The Chiefs are in more trouble than even their lowly and seemingly desperate position on the table suggests.
They have collapsed post lockdown - descended into a team with few ideas, little attacking structure and almost zero conviction in what they are trying to do.
Their confidence is shot, something undeniable given their lack of accuracy and control against the Hurricanes – particularly in the final 30 minutes when they had a man advantage and just didn't know how to exploit it.
It's unlikely they will deliver a more painfully inept half hour. It was, and this will become more apparent to the players and coaching staff as it sinks in, a travesty both in tactical approach and execution.
The energy and commitment were all there - but absent was the polish and composure.
All that time with such a significant advantage and the Chiefs managed to score just two tries and mostly look like the team under pressure.
That will sting as it was 30 minutes of football that lacked patience and discipline. The Chiefs had all the possession and time they needed and fired blanks – as they have pretty much done since Super Rugby resumed.
It's surprising that they have fallen apart and not just because they were going along quite nicely before the lockdown.
The lack of attacking impact is the hardest thing to understand. In Aaron Cruden and Damian McKenzie, they have two of the better playmakers in world rugby.
Brad Weber is also someone who knows how to probe and snipe until a defence breaks open. But all three of them were short of control and imagination as they have been for the first four rounds of Super Rugby Aotearoa.
The Chiefs went East to West no problem but spilled balls, ran into each other and looked unsure when they attacked North to South.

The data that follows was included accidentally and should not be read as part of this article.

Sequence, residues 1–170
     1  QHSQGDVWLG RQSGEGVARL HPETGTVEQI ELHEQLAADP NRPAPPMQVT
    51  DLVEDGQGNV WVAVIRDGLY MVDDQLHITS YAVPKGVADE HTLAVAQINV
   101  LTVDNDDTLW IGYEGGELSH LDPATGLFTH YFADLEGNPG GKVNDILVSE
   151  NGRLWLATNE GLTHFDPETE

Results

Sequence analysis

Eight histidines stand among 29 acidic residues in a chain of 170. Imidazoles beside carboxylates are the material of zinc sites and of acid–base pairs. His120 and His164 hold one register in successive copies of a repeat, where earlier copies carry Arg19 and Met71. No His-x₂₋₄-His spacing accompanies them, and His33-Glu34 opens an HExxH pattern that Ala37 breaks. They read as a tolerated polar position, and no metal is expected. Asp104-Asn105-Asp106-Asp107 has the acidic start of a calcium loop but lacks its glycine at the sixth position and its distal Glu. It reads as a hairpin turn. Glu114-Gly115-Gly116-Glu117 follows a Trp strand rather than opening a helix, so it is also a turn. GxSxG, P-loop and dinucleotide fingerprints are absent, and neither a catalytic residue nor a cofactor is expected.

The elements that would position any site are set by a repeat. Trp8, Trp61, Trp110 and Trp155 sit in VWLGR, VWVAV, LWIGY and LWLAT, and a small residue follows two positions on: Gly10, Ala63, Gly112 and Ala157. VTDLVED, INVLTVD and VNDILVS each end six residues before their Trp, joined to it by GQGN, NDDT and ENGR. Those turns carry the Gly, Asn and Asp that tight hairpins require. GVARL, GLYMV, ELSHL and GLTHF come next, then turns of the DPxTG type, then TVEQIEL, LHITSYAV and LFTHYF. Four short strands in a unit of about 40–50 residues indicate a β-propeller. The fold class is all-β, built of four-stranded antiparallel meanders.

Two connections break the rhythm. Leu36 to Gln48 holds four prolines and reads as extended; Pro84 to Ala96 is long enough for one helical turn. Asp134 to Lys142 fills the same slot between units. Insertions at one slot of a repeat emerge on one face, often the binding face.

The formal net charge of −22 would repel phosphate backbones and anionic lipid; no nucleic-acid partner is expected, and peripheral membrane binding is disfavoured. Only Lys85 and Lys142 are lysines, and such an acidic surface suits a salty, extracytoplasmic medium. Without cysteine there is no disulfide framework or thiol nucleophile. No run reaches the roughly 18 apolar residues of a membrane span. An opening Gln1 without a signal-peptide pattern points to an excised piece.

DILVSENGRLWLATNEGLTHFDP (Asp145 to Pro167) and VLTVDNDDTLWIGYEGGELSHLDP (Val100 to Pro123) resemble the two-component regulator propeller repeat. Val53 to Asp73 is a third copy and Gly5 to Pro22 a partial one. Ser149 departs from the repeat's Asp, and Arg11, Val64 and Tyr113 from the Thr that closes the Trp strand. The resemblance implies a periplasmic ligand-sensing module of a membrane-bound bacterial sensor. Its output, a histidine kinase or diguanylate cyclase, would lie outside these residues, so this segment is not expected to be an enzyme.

And they didn't get anything of note from their bigger ball runners and that's maybe the most surprising thing of all.
There's been a lack of organisation and urgency about the Chiefs in the last four weeks.
They have employed one-off runners who have been all too easily smashed back behind the gainline and there has barely been a slip pass or an act of deception to force the defence into a rethink.
They look like the Blues of last year. Willing and eager but lacking the finer understanding of what is required to win at this level.
Their movement has been stilted and simple – lacking the sort of subtlety and variation that is needed to win games against New Zealand sides.
Frankly, their rugby has been dull. It has been one dimensional and massively underwhelming.
Absolutely the Hurricanes produced a first-class defensive effort as did the Blues the week before and the Highlanders in round one, but the Chiefs are making it easy for teams to shut them down.
Injury hasn't helped them. They have lost more frontline talent than any other team and they have been forced to dig painfully deep at lock where they have been exposed.
That bad luck has hurt them, but it's not solely responsible for why they are languishing as they are or playing as poorly as they have. It's been a factor but they had 30 minutes against 14 men and conjured not much at all.
That alludes to there being some serious issue – a disconnect of some kind, either in application, attitude or understanding.
The lament from within the coaching box ahead of the Hurricanes game was that the playmakers didn't have the balance of options quite right in the first three rounds.
There was too much running and not enough kicking. That balance was not addressed in Hamilton and their attacking game was eclectic bordering on nonsensical at times.
They were enjoying early success in pulling Jordie Barrett out of position with some clever short kicks and then suddenly stopped. When they had their man advantage, Quinn Tupaea summed up the confused thinking when he grubbered the ball a mere 20 metres into touch inside the Hurricanes 22 when everyone around him was crying out to keep the ball in hand.
Something has gone wrong at the Chiefs and effectively this campaign is now over for them. They can't seriously believe they are still in the hunt.
All they can do now is try to regroup and assess why it is they are so disjointed and clunky and that is going to require difficult questions to be asked and hard answers to be given.